You do not necessarily need to be in a positive growing market to have fun! I was thrilled to come to Taiwan after two to three years in a global strategic role, where I was responsible for oncology and neuroscience across the globe, travelling the world and working strategically, to going back and rolling up my sleeves, shipping boxes and leading an organization. I am convinced that this is the best way to grow within a large multinational company: take a strategic role, go into the market, go back to a strategic role, then go back to a bigger market. That is how you do things, versus sitting in an ivory tower doing strategy and not knowing how to sell, or becoming so operational that you cannot think beyond one year.
A general manager today has to work with both functions and regions, so my experience of having worked in these different areas comes in handy. If suddenly you have a patent litigation here, you know how the global guys think and what to do: you need to get your IP lawyer on the phone, and make sure there is a local legal counsel, and as a result of your experiences, you automatically know how to do this. If you have never done it, or have grown up in a country and never been exposed to these issues, this is much more difficult. This is why, when we think about talent development, one key aspect of our strategy is to push people out of their comfort zones, and provide them with challenging regional or global exposure, because of the benefits they can derive from it. I would even go as far to say that without this, you shouldn’t be moving into a General Manager type of role.
As to the question of why I moved to Asia: as a little boy I lived in Indonesia, so I have a high affinity to the region, and I always wanted to come back and work here. Looking back, I have to say I’m very lucky, because Taiwan is a very comfortable and civilized place. You have the best of Japan mixed with Sino culture, people are friendly, curious and well educated, the country is beautiful: there are islands, beaches, mountains, you are very well placed both for Southeast Asia and Northeast Asia. It is a bit of a hidden gem to live and operate from. I didn’t ask for it, but I was lucky to get it.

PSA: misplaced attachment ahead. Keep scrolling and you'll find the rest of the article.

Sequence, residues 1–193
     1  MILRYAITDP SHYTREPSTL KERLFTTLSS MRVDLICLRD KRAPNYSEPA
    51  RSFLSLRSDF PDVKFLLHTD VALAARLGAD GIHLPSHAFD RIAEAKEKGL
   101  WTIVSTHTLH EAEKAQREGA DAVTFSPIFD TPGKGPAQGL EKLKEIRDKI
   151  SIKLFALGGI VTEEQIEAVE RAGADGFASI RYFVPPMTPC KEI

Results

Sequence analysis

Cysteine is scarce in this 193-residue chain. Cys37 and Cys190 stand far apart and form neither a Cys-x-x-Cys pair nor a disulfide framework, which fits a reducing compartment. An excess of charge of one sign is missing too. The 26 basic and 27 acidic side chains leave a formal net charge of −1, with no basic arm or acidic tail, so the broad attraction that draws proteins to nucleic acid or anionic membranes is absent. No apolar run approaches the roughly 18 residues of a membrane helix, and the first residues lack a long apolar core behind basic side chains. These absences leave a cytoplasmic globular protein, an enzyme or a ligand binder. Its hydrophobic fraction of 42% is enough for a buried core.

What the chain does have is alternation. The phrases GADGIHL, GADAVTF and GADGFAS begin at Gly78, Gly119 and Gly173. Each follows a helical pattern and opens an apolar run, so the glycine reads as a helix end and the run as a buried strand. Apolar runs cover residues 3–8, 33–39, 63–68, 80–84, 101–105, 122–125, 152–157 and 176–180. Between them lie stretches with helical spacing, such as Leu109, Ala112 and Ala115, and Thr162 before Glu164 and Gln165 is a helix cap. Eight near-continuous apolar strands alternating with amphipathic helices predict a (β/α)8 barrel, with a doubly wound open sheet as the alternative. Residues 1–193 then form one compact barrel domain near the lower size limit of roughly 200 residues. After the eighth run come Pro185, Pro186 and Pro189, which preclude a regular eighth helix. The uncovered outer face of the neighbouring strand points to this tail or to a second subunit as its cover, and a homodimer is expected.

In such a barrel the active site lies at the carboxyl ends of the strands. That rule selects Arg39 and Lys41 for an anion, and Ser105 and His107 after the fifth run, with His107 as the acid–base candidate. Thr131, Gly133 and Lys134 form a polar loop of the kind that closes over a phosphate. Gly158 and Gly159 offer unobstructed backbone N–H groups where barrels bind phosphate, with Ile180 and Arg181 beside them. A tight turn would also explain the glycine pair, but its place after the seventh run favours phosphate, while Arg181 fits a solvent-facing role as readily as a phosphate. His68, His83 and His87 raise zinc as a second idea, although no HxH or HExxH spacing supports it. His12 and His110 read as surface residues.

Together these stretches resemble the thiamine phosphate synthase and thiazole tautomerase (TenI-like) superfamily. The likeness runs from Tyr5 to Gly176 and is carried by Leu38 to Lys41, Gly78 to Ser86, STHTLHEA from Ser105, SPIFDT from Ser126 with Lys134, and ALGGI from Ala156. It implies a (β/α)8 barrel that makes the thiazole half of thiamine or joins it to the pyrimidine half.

Based on your experience, what is your strategy to navigate this market? What changes have you made at AstraZeneca Taiwan in this first year?
As I said, my strategy here in Taiwan is to launch and see. We are blessed have a couple of new product launches, and some ongoing trials on market brands to provide more data. My focus is on launching either brands or new clinical initiatives, and providing physicians with new data to convince them that AstraZeneca has the best products. As a result of this strategy, we are not the biggest company in Taiwan, but in our therapeutic areas, we are either number one or number two.
The next strategy is to be smart at the mature end of the market, by exploring new models. We are experimenting with ‘inside sales’ – reps calling doctors to pitch over the phone combined with digital activities, which is much more cost effective and productive. We are also playing around with a few aspects of the business model to increase profitability of our mature brands.
We have also just launched what we call a ‘cultural journey’ here in Taiwan. Whenever you talk about values, or attempt to change the culture of an organization, you have to make sure that you connect it to the business. Within the Asia Area of AstraZeneca, we do this with what we call the four Cs: courage, collaboration, creativity and caring. We translate these four Cs into examples that tie the culture to the business. As well as releasing a booklet with examples of each of the four Cs in action, in Taiwan we have also created case studies from the leadership team, to better explain to the organization how the four Cs can be put into action, and pinpoint the behaviors that we want to establish in our organization.